Motivation Theories and Discretionary Effort of Employees

Introduction

Increasing employee engagement in order to make companies more efficient and adaptive has become a real concern for organizations. Usually well-motivated staffs understand the business culture and its motif, which results in a mutually beneficial relationship. With the business recession, lean organizations have become in vogue and therefore, committed employees who go an extra mile to help the organization are more valued and resourceful, and therefore, desirable by companies. So, how can organizations engage the employees? The answers lie in cultivating the discretionary effort of the employees.

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Understanding how employee productivity improves, and still keeping them satisfied is a problem has been the agenda of the human resources (HR) department across many organizations. Many believe that human beings are capable of more than what they usually expend. Usually it is not money, which can unlock the true potential in employees; rather, it is the excitement to solve an insoluble problem can push the human brain to maximum. Seldom, men themselves are aware that they are capable of doing much better than what they were presently doing. The question that arises is how this hidden and often unknown potential can be triggered. The popular belief in HR is that the efforts, which need to be unlocked, are the ‘discretionary effort’ of the employees. Discretionary effort is the difference in the effort that one is capable of to the effort that is actually required to complete a task. It is believed that “Mobilizing that discretionary effort is the key to increasing productivity, and to do that managers must appeal to employees’ self-interest” (Posposil 1994, p. 6). Therefore, it is important for organizations to unravel measures of unlocking this latent potential in employees.

Applying Motivation Theories

“How can I motivate my workers?” is a recurring question that organizations, managers, and behavioral scientists ask day in and out. The assumption behind such a question is that a simple prescription to this problem is available based on the use of general motivational theories. Simplistic prescriptions offered based on motivation theories are often misleading, as the theories are seldom simple.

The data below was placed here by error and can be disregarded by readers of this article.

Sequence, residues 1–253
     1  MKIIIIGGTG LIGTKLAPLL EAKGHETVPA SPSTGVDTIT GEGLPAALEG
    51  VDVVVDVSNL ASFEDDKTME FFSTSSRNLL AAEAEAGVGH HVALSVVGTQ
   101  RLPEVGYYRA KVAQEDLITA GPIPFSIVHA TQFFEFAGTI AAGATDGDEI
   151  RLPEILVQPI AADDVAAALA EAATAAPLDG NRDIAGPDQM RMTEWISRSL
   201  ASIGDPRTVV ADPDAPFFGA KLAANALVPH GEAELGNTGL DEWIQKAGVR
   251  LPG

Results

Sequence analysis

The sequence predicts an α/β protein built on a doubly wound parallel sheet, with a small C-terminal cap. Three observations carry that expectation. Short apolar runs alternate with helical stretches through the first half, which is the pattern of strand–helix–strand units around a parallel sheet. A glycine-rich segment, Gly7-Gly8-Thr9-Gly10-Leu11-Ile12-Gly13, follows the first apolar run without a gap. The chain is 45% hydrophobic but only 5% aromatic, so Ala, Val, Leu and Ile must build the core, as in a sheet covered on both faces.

According to Pinder (1977) many of the motivational theories are limited in predictive validity. He states: “Many suffer from basic problems in their assumptions concerning the nature of people; one or two make predictions which are valid in the short run; all are still extremely vulnerable to the influence of individual differences, the nature of which are still being investigates; several make awkward, contradictory predictions which still have not been adequately reconciled.” (Pinder 1977, pp. 385-6) Therefore Pinder (1977) believes that most of the theories (Hygiene theory, Need hierarchy theory, VIE, etc.) have some shortcomings and are not suitable for application in real situations. Nevertheless, these theories, he states, are not tools or rule of thumbs that can be applied in organizational settings without any modifications. Therefore, in order to apply the motivational theories it is important apply the theories only after absorbing the real situation and not considering the theories to be prescriptions. Given this background of applicability of motivation theories, it is important to understand how motivation theories are expected to unlock the hidden employee potential.

The motivation theories identify what can keep employees satisfied, but they also state what can push them to work harder.

Maslow in his hierarchy of needs theory hypothesized that within every individual there are five predominant needs that are ordered in hierarchy. These needs are physiological, safety, social, esteem, and self-actualization. The self-actualization need drives people to become what one is capable of becoming. This factor motivates individuals to aim for further growth, achievement, self-fulfillment, etc. According to Maslow, as the lower order needs are satisfied, people aim for their higher needs. So if an organization has to motivate employee, the must aim at fulfillment of the lower order needs first, and then provide them higher order needs in order to drive their growth potential.

Analyzing the motivational theories, we may understand what the theories express in terms of motivating an employee to work harder. In hygiene theory, Herzberg (1974) differentiates between motivating and hygiene factors. The former are the motivational factors that drives employees work further, and keeps them satisfied, while the latter helps in stopping them getting dissatisfied.